13 Terrific Tips for Improving Retention
Say "No More" to the Revolving Door
Show Me More Than Just the Money!
No matter the size or profitability, if a company depends on employees to make money, retention strategies should be an important focus. However, many corporations (over 50% according to research by US business consultant Watson Wyatt) have no retention strategy whatsoever. Some believe it's only about pay levels. The fact is, remuneration is only one factor among many that helps to instil staff loyalty. Besides their paycheque, many want to know 'Where is the love?'
Besides remuneration, other aspects that affect job satisfaction include:
- how well their personalities mesh with their duties and the business as a whole,
- how loyal the employee feels the company is to them,
- what benefits are offered compared to the industry standard,
- and possibly most importantly, if they feel they are valued by the company.
Here are 13 tips to help with retention.
1. To Catch a Keeper; Hire Retainable People at the Outset.
Finding the right person for a position is easier said than done. Getting a perfect fit takes a lot more than simply reviewing resumes and interviewing the person with the best looking one. Using modern HR candidate-testing tools can provide a fairly good picture of a prospective employee's personality and whether they will fit the position and the corporate culture.
Be aware there is no single, ideal employee personality type. A good fit is more about the specific job to be done and the environment it will be performed in than the personality of your corporate culture. For example, gregariousness is an asset to a salesman but may be a interruptive factor for someone sharing an office where concentration is critical.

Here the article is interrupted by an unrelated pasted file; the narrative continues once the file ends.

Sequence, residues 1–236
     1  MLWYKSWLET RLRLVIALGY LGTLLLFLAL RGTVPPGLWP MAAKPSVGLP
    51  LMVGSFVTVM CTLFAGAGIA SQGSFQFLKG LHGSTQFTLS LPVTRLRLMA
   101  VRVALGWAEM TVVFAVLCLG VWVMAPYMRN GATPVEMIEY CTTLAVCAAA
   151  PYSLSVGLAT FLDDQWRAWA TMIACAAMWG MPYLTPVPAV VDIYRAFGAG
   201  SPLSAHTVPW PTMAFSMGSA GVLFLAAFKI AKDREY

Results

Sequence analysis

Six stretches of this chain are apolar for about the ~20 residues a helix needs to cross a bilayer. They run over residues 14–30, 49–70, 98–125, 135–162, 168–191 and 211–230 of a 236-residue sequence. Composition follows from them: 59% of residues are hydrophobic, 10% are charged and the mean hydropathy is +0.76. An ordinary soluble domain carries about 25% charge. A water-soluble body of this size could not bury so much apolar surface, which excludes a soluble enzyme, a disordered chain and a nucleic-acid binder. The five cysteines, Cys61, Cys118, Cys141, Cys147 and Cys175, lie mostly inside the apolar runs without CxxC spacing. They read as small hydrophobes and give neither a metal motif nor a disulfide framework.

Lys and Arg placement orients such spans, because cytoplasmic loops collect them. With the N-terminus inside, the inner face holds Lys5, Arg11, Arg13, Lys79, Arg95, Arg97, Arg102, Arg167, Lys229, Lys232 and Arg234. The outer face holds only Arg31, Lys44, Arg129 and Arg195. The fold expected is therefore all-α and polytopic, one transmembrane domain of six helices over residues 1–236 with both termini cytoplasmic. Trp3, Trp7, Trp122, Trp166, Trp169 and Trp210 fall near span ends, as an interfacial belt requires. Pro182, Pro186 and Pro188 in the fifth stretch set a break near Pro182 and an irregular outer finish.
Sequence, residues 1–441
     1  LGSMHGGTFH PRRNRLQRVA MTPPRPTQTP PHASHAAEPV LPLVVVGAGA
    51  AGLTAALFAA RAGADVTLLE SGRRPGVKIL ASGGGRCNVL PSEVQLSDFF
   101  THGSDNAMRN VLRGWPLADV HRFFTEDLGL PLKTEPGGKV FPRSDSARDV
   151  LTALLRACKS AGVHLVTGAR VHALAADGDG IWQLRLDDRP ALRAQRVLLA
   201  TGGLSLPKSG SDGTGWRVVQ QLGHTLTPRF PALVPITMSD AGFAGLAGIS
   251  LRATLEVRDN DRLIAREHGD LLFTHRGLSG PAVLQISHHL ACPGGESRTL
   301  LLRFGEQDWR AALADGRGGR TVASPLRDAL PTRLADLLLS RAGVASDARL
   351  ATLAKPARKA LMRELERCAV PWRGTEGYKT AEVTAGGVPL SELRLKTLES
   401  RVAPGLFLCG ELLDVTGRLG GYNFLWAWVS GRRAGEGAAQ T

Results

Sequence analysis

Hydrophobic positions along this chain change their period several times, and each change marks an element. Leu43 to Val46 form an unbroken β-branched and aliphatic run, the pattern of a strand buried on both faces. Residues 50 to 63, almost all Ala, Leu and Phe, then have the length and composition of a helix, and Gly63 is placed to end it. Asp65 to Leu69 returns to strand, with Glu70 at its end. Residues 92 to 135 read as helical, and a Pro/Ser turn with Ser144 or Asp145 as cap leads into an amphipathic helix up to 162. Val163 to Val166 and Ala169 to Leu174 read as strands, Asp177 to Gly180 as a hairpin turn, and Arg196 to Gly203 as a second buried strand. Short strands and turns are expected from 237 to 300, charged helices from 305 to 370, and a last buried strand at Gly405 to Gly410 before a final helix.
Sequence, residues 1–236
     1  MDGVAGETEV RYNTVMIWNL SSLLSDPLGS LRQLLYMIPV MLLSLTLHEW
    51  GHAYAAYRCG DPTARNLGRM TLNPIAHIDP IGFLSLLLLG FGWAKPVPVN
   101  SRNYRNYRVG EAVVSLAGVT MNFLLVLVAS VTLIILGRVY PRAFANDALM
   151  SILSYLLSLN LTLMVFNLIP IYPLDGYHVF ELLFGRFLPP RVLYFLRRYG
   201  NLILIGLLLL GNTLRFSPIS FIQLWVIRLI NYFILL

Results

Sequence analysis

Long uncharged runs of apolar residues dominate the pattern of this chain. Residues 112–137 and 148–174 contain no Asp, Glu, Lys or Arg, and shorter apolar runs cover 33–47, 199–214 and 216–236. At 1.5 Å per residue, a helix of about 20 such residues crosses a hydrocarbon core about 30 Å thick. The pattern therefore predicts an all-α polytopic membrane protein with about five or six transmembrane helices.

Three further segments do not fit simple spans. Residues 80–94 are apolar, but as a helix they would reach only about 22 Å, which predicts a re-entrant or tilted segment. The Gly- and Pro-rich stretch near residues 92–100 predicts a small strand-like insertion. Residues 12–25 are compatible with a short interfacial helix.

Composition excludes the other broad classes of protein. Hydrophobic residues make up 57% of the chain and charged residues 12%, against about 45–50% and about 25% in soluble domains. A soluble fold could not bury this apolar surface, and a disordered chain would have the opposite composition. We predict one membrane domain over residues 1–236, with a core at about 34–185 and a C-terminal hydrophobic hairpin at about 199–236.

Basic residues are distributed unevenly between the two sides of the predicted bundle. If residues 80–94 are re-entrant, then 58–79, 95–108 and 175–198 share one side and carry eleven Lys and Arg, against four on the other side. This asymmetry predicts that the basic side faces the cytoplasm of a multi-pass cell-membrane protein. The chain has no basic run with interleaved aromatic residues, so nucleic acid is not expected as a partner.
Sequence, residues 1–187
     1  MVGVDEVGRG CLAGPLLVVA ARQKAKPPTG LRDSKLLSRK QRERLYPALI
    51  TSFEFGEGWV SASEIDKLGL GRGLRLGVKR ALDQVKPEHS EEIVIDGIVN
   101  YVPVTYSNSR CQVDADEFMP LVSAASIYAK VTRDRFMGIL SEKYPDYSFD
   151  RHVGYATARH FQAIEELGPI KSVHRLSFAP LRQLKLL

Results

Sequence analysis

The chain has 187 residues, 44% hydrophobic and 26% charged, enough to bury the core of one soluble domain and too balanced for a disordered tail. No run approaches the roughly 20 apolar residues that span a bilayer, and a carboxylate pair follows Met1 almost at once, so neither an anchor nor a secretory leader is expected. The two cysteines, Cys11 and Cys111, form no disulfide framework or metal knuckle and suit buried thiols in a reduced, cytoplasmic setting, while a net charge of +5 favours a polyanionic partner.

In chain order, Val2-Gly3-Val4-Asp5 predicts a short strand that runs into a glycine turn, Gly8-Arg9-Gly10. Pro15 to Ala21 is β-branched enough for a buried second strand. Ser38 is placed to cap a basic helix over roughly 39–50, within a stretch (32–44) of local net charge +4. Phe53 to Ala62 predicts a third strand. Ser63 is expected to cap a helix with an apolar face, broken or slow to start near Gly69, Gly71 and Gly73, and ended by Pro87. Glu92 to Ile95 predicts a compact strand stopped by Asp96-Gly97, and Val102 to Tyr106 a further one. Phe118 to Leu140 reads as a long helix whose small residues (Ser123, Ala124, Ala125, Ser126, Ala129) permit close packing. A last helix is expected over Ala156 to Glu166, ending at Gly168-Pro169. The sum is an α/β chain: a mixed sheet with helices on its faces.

Know, too, that high intelligence is a better predictor of job satisfaction than 'being a nice guy'. In fact, company's who hire for 'values" have a terrible retention record compared to those who hire for intelligence, according to a report in the Harvard Business Review located here.
Those who ignore matching personalities to specific jobs may be buying retention problems down the road; not just with the new hire but among those with which the newbie will be working. Some great information regarding integration and engagement right at the onboarding stage can be found here on the Canadian HR Resources site.
2. Penny-Pinching's False Economy; Being Cheap Can Be Expensive
A revolving door of new employees constantly being onboarded and going through the unproductive training period is terribly expensive compared to paying wages somewhat above the industry standard. Waiting until a worker is ready to jump ship before paying that little bit extra is risky business, retention-wise. Once a worker starts to become disgruntled, it's hard to make them regruntled!
3. The Secret Benefit of Benefits
According to numerous surveys of HR practitioners, many underestimate the value of good benefits to an employee. Medical, dental and ocular care, short and long term disability programs and RRSP matching contributions are powerful incentives for many workers to remain at a job, even despite a less-than-market pay packet. It may be argued that a great benefit plan benefits the company as much as the employee when retention savings are factored in.
4. Doing the Little Things; There's Power in the Muffin
It may seem like a ridiculous premise to base job satisfaction on, but a small perk can make a big difference to employees. It doesn't have to be expensive or elaborate, either. Consider things 'Donut Day' or 'Muffin Monday'. Buy pizza for the staff if they've had to work extra overtime or share corporate sporting event tickets. A birthday card tells the employee they are recognized as an individual. These small tokens need not be expensive, just thoughtful.
5. Many Paddles, One Boat; Ensuring Their Goals Match Yours
Humans are generally goal-oriented. They need to know the objective the team is working toward and their role in attaining it. Workers also require updates to make them aware how the team is progressing toward achieving their goals. If you do not define their goals, they most certainly will create their own, which may or may not be in the company's best interest. Employees who are encouraged to embrace corporate goals are much more engaged, happy and productive and more apt to stay in the fold.